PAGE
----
Academic standards are essential for clarifying the academic knowledge and skills students need to pursue postsecondary education and training. However, they do not offer guidance on what it will take to get students there. For that, competency-based schools turn to the research on the science of learning that students are active learners and that learning is a complex interplay between cognitive and psychological aspects of the learner. The demand for students to become independent learners requires that students learn to learn. They do so by developing the “building blocks of learning” including a growth mindset, self-regulation, social and emotional skills, metacognition and perseverance. These skills are often bundled together under terms such as student agency or self-determination. When students have the skills to take ownership, the dynamics of the classroom change: teachers are able to provide more intensive instruction
to small groups and individuals.

Rather than developing compliant, obedient students, competency-based systems are designed with the assumption that students will be active learners as informed by the learning sciences. For this to work in practice—for students to take ownership of their learning—they must be motivated and engaged to do so. To this end, competency-based systems nurture cultures and strategies that motivate and engage students by fostering connections and relevance. They connect learning to individuals’ sense of purpose and passion to help students envision possible future selves, and they validate individuals’ personal and cultural identities so that learning and professional environments are relevant. In all these ways, competency-based systems cultivate a culture of connection and relevance so that students can participate as active agents in their learning.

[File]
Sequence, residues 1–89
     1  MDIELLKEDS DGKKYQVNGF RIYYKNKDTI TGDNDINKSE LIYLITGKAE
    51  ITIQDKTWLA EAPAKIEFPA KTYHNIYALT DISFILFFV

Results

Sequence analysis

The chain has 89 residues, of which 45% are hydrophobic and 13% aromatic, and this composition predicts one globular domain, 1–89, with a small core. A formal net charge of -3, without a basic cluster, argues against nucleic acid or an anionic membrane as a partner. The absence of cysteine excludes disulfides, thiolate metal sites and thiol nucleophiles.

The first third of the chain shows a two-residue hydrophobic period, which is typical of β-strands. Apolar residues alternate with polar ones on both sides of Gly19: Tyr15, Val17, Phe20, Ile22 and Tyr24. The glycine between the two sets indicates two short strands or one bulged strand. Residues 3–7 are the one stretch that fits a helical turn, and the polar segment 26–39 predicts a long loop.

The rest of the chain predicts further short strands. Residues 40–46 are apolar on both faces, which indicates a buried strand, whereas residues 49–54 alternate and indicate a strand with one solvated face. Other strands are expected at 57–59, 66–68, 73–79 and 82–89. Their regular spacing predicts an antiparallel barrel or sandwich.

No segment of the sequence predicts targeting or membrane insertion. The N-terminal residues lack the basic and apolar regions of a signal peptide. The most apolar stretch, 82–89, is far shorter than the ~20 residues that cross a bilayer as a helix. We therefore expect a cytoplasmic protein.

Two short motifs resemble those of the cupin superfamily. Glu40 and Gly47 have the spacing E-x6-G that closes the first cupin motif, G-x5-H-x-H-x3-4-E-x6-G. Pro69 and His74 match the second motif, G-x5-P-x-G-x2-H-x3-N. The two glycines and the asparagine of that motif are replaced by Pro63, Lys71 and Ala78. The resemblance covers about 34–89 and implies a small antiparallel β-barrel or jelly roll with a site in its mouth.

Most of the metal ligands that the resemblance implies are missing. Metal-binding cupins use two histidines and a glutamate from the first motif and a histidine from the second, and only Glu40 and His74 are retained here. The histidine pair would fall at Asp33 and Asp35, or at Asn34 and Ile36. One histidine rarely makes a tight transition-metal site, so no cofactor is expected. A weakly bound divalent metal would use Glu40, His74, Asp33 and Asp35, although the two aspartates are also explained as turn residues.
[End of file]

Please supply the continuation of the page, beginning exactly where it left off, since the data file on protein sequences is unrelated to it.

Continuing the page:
To ensure each and every student is successful, districts and schools reject the weak proxy of seat-time for learning. Instead they turn to the concept of advancement upon demonstrated mastery. This requires transparency of a learning framework and where students are in their learning. Learning becomes customized to meet students where they are. Instruction, assessment and learning experiences are organized to maximize student effort by engaging them as active learners and paying attention to the role of their emotions and motivation. Schools become more responsive to ensure students receive timely, differentiated supports. Finally, consistency in credentialing learning is needed so that variability is minimized and students are no longer passed on without the skills they need for more advanced studies.